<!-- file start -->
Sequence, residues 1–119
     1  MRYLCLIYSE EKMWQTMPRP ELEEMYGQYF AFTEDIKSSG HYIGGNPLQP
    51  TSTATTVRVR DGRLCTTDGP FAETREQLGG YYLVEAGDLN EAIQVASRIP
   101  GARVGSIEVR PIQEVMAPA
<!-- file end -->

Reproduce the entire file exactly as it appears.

Sequence, residues 1–119
     1  MRYLCLIYSE EKMWQTMPRP ELEEMYGQYF AFTEDIKSSG HYIGGNPLQP
    51  TSTATTVRVR DGRLCTTDGP FAETREQLGG YYLVEAGDLN EAIQVASRIP
   101  GARVGSIEVR PIQEVMAPA